More men are losing hair at a younger age in urban India than ever before. So much so that it has become one of the principal peeves of the metrosexual male. In despair, they’ll try anything — including rubbing ketchup on the bald pate. Ruchira Hoon reports.health and fitness Updated: Jul 12, 2009 00:48 IST
Delhi-based advertising professional Arvind Kumar (27) is usually the first to know when it rains. “The raindrops go pitter-patter on my bald pate. And yes, I run for cover every time,” he says wryly. He’s been wearing a toupee for the last three years, and has now decided to shave off the remaining downy hair.
At 26, marketing executive Rahul Ganjoo actually lives up to his name (ganjoo is Hindi slang for bald). He’s good-looking and, well, nearly bald. It’s been three years since Ganjoo started losing hair. Not only has his hairline receded but he’s even got a bald patch in the middle of his head. And he’s extremely uncomfortable about it. “I can’t believe this is happening to me. People laugh at me, saying ‘Abbe Ganjoo, tu ganjoo ho gaya hai (Hey Ganjoo, you’ve become bald)’,” he says. Ganjoo hasn’t attended a single wedding in the family in the last two years. Nor has he been to school alumni parties. “I don’t like being made fun of, so I just don’t go out anywhere, where people know me from before.”
Look around and take a ‘topograpical’ view. There’s hardly a man around with a healthy mop of hair. It seems almost like an epidemic, though no official figures for the number of bald men can be found.
According to trichologist Dr Madhur Madgaonkar, almost 39 men visit him everyday with hair loss-related queries. “Six out of ten of them are in the age group of 25-35,” he says. Each of them wants to know the same thing — how to grow his hair back. He’s suggested tonics, massages, weaving and even transplant in some cases, depending on the confidence levels of the client. “Men in their 20s do not want to look like 40-year-olds, which is why they are insistent on changing their look,” says Madgaonkar. “They feel their masculinity is at risk, they’ll be overlooked for promotion, not get the woman of their dreams and even at times, believe no one will take them seriously.”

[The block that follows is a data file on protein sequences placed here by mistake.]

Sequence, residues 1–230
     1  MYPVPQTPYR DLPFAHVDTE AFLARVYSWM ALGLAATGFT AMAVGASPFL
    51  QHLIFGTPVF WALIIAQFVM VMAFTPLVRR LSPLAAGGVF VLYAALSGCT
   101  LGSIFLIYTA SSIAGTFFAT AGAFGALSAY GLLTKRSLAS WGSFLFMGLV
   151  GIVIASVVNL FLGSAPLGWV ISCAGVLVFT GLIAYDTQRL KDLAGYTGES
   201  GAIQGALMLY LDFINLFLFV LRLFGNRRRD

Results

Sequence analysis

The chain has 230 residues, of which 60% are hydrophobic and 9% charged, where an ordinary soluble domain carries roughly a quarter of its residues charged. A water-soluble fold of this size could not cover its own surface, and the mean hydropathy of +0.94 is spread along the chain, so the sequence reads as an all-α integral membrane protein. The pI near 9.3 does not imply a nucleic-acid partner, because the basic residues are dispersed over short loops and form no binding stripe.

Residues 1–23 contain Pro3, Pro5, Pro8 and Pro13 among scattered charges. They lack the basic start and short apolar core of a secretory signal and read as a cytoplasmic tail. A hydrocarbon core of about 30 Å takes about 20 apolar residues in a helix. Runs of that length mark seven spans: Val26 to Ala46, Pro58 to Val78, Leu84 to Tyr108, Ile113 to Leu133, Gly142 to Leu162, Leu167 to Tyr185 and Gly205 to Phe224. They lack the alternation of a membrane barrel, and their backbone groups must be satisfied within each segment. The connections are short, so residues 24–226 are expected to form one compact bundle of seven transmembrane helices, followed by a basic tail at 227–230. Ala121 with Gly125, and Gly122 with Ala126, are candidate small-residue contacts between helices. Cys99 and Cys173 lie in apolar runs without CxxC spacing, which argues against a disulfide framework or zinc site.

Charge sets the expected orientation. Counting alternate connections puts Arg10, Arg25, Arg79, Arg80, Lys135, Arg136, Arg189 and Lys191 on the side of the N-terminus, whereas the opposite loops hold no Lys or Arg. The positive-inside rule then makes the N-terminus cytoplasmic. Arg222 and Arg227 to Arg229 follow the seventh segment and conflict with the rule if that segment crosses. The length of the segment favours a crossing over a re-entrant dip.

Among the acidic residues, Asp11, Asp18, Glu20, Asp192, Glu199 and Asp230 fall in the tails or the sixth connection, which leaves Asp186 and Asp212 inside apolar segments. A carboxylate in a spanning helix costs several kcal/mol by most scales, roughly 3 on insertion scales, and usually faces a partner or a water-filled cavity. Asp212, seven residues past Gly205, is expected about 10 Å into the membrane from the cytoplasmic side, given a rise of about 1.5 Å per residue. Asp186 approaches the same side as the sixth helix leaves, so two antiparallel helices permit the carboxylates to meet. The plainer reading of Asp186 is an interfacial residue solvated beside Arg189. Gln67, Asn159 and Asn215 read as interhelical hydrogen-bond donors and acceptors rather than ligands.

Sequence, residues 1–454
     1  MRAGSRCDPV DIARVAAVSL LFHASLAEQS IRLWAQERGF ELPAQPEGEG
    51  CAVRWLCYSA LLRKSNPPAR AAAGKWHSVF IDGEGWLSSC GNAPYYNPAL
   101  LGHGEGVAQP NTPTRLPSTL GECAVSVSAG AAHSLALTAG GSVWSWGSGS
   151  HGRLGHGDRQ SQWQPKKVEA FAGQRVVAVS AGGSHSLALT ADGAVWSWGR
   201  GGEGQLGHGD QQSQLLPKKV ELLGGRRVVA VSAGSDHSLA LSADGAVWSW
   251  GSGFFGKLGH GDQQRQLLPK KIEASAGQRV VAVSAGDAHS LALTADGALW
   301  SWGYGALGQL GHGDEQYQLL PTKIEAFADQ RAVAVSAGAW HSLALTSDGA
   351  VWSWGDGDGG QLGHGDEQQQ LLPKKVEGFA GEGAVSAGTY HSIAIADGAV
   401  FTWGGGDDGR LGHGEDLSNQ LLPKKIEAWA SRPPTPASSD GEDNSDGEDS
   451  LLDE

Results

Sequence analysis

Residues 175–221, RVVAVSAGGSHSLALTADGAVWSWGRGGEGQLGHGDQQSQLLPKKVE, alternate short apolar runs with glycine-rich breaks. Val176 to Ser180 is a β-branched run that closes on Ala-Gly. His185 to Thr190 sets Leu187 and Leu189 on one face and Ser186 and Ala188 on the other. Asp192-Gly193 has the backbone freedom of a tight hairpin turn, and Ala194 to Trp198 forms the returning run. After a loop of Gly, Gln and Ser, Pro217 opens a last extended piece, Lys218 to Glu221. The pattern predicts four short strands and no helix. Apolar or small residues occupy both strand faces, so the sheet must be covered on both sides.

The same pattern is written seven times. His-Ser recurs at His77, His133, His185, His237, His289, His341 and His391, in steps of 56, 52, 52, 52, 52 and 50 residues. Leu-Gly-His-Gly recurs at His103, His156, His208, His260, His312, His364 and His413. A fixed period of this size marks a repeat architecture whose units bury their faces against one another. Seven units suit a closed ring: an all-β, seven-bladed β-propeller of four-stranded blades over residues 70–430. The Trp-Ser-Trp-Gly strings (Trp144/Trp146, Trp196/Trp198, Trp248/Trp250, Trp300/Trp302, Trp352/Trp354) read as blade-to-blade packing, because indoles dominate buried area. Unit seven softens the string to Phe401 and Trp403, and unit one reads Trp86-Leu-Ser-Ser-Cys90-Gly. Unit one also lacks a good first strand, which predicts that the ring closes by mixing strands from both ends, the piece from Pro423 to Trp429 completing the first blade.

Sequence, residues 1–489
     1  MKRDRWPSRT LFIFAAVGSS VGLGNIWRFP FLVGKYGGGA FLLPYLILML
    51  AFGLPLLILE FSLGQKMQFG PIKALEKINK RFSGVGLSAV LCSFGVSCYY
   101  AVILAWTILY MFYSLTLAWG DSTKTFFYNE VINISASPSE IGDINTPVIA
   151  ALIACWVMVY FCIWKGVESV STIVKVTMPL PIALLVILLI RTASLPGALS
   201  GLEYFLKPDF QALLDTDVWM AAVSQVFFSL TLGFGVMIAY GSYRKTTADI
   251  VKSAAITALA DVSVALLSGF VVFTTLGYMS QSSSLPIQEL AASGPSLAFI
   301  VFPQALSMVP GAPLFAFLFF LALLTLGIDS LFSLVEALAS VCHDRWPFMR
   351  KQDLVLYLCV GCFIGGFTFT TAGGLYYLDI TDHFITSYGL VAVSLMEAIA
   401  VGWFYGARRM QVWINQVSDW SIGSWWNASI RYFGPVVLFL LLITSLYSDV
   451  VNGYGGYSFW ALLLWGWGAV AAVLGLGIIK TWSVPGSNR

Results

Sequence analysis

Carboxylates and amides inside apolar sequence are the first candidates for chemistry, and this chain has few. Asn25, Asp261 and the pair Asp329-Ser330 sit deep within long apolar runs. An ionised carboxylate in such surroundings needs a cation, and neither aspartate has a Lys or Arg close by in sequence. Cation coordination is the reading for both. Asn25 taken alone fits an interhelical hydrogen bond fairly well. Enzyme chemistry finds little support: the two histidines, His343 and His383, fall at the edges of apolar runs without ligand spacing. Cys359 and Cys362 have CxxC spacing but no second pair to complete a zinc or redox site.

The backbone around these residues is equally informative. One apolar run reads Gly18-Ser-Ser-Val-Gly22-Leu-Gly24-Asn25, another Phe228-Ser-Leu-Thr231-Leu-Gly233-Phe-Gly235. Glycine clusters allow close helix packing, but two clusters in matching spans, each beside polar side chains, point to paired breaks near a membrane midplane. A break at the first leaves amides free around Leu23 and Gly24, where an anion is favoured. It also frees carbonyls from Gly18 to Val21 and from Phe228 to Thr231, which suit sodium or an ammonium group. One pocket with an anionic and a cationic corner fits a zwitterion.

So why are urban Indian men losing hair? “Male pattern baldness has been seeking a cure for aeons. Of course there’s the usual stress, lifestyle, bad eating habits, but the surprising thing that has sprung up is men are really stressed about losing hair, which is why they lose their hair!” says dermatologist Dr Mukul N. Raghavan. “Genetically too, the hair gene seems to be mutating, because of all the erroneous chemicals that are being used. And so hair loss is getting accelerated both in age and in speed.”
One of the key things that both doctors have noted is that men in their 20s do not live in denial as against those in their late 30s. “When they see patterns of baldness, they want to deal with it, not wait till they are made fun of,” adds Raghavan. Which is why you’ll see fewer young men with combs in their back pockets. “They either ask for a cure or they shave it all off.”
And as far as Arvind Kumar is concerned, since his wife quite likes his shiny bald pate, it’s no surprise that he sees the bright side to it — “I save quite a bit on hairbrushes, expensive shampoos and even trips to the barber. And with all the money saved, I’m going to make sure that my wife always has a healthy mane so that our progeny do not suffer.”
But not all women are as supportive of baldness as Arvind’s wife. Some believe a man with lesser hair is much less virile. A myth that most men are quick to bust. “How can you find a bald ing man attractive, especially when the light is bouncing off his head?” asks copy-writer Amaya Gokul (26). “You’ve got to have something to ruffle. Something to run your hands through."